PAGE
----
Jean Baptiste Joseph Fourier
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Jean Baptiste Joseph Fourier (March 21, 1768  May 16, 1830) was a French mathematician and physicist who is best known for initiating the investigation of Fourier series and their application to problems of heat flow. The Fourier transform is also named in his honor.
He was born at Auxerre in the Yonne département of France, the son of a tailor, and was educated by the Benedictines. The commissions in the scientific corps of the army were reserved for those of good birth, and being thus ineligible he accepted a military lectureship on mathematics. He took a prominent part in his own district in promoting the revolution, and was rewarded by an appointment in 1795 in the École Normale Supérieure, and subsequently by a chair at the École Polytechnique.
Fourier went with Napoleon on his Eastern expedition in 1798, and was made governor of Lower Egypt. Cut off from France by the English fleet, he organized the workshops on which the French army had to rely for their munitions of war. He also contributed several mathematical papers to the Egyptian Institute which Napoleon founded at Cairo, with a view of weakening English influence in the East. After the British victories and the capitulation of the French under General Menou in 1801, Fourier returned to France, and was made prefect of Isère, and it was while there that he made his experiments on the propagation of heat. He moved to Paris in 1816. In 1822 he published his Théorie analytique de la chaleur, in which he bases his reasoning on Newton's law of cooling, namely, that the flow of heat between two adjacent molecules is proportional to the extremely small difference of their temperatures. In this work he claims that any functions of a variable, whether continuous or discontinuous, can be expanded in a series of sines of multiples of the variable  this result isn't correct at all. But the fact that some discontinuous functions are the sum of infinite series was a breakthrough. The question of determining when a function is the sum of its Fourier series has been fundamental for centuries. Lagrange had given particular cases of this (false) theorem, and had implied that the method was general, but he had not pursued the subject. Dirichlet was the first to give a satisfactory demonstration of it, with some restrictive conditions.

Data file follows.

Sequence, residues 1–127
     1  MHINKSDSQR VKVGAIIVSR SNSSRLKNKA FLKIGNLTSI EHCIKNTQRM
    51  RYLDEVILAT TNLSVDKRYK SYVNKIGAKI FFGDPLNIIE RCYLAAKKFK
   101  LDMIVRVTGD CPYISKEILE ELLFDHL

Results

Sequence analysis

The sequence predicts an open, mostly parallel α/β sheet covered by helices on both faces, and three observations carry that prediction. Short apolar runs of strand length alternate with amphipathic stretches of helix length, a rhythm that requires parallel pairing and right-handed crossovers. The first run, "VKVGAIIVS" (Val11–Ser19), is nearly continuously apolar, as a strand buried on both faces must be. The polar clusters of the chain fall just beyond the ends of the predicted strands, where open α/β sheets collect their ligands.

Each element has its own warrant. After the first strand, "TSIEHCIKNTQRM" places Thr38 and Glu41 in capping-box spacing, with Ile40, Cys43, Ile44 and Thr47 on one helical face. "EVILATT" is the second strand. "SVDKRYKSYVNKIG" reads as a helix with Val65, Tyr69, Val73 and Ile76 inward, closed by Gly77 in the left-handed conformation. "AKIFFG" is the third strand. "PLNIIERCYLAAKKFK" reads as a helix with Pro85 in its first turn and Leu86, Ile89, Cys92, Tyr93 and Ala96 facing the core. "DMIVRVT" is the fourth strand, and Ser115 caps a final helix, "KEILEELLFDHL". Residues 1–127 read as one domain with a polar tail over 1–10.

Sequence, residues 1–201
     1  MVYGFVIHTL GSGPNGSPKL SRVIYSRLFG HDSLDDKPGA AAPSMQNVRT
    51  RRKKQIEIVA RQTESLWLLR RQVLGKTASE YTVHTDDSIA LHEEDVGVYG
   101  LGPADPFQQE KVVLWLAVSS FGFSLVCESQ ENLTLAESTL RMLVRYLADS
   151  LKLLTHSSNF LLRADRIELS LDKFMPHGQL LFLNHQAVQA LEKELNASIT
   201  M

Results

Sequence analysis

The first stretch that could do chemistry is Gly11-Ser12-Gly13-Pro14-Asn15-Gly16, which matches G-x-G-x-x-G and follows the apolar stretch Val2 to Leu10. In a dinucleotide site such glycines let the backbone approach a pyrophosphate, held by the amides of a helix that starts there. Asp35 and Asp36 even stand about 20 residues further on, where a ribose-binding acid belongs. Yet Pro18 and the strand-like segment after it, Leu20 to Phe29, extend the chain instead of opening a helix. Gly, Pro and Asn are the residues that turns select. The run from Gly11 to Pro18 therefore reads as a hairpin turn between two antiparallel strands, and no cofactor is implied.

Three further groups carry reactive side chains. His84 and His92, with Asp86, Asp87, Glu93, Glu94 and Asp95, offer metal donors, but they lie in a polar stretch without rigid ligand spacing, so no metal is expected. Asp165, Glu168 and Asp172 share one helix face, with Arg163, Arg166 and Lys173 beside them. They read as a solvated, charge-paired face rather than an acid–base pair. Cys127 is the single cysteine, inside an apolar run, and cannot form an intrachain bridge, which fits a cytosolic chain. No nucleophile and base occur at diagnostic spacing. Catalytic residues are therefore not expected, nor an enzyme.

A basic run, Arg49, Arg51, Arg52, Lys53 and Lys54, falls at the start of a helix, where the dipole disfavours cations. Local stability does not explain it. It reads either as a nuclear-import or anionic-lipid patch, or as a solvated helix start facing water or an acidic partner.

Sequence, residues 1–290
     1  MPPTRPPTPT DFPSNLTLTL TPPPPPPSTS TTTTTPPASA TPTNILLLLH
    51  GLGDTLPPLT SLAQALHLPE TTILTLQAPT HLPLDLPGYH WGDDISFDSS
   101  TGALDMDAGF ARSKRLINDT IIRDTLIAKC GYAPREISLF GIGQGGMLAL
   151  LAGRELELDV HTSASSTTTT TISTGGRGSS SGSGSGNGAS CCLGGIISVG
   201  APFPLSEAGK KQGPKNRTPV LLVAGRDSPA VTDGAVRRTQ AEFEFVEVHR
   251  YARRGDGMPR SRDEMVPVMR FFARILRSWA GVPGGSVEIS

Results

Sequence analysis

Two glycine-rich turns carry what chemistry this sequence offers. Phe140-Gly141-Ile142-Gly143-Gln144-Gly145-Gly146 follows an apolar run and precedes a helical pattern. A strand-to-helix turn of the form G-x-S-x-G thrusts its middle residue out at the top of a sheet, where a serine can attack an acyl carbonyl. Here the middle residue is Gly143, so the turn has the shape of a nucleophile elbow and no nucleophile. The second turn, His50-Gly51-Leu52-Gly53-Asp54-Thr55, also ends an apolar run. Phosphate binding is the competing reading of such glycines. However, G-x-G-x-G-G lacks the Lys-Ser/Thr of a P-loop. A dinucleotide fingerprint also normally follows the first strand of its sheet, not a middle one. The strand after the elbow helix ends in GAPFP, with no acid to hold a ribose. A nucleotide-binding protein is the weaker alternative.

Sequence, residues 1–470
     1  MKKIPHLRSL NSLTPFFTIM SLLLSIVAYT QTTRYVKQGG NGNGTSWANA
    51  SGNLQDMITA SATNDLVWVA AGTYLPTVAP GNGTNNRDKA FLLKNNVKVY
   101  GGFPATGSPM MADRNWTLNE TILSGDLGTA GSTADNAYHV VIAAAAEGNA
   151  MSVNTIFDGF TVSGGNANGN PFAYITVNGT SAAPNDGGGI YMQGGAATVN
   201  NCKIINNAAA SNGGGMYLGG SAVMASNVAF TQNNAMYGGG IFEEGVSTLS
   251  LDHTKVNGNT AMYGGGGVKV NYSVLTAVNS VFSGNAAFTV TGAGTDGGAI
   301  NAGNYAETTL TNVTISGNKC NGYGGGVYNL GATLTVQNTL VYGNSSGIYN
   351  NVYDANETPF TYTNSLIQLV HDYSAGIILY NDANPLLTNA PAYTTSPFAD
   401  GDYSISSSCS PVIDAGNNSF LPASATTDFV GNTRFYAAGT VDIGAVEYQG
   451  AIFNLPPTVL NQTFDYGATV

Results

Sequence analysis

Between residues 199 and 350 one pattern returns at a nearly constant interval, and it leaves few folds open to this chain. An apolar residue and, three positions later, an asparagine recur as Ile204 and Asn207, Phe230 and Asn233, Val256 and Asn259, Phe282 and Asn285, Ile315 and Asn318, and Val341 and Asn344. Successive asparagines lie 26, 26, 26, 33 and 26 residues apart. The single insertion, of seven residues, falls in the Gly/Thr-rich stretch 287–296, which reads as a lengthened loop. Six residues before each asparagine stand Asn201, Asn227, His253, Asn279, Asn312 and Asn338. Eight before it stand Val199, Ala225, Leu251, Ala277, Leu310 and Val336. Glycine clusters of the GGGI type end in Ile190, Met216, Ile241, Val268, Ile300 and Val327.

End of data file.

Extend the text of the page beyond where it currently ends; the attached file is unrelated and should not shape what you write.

Fourier left an unfinished work on determinate equations which was edited by Claude Navier, and published in 1831; this contains much original matter, in particular there is a demonstration of Fourier's theorem on the position of the roots of an algebraic equation. Lagrange had shown how the roots of an algebraic equation might be separated by means of another equation whose roots were the squares of the differences of the roots of the original equation. François Budan, in 1807 and 1811, had enunciated the theorem generally known by the name of Fourier, but the demonstration was not altogether satisfactory. Fourier's proof is the same as that usually given in textbooks on the theory of equations. The final solution of the problem was given in 1829 by Jacques Charles François Sturm (18031855).
Fourier is also credited with the discovery in his essay in 1824 that gases in the atmosphere might increase the surface temperature of the Earth. This was the effect that would later be called the greenhouse effect. He established the concept of planetary energy balance. That planets obtain energy from number of sources that causes temperature increase. Planets also lose energy by infrared radiation (that Fourier called "chaleur obscure" or "dark heat") with the rate increasing with temperature. Therefore some temperature balance is reached. And atmosphere shifts the balance toward the higher temperatures due to consumption of radiation. Fourier recognized that Earth primarily gets energy from Sun radiation for which atmosphere is transparent and that internal Earth heat doesn't contribute much to the energy balance. However he incorrectly believed that there is a significant contribution of radiation from interplanetary space. Fourier reported on an experiment by M. de Saussure with a black box exposed to the Sun, and in which if thin glass is put on top of the box the temperature inside of the box increases [1] (http://www.wmconnolley.org.uk/sci/fourier_1827/fourier_1827.html#text). Infrared radiation was only discovered by Frederick Herschel 25 years later. Fourier understood that rate of infrared radiation increases with temperature but exact form of this dependency StefanBoltzmann law (fourthpower law) was only discovered 50 years later.
He died in Paris.
See also
Reference
 Initial text from the public domain Rouse History of Mathematics
 Fourier, J.B.J. Mémoires d l'Académie Royale des Sciences de l'Institute de France VII. 570604 (1827) (greenhouse effect essay)
External links
 Template:MacTutor Biography
 Fourier 1827: MEMOIRE sur les temperatures du globe terrestre et des espaces planetaires (http://www.wmconnolley.org.uk/sci/fourier_1827/fourier_1827.html)
Preceded by: PierreÉdouard Lémontey  Seat 5 Académie française  Succeeded by: Victor Cousin 
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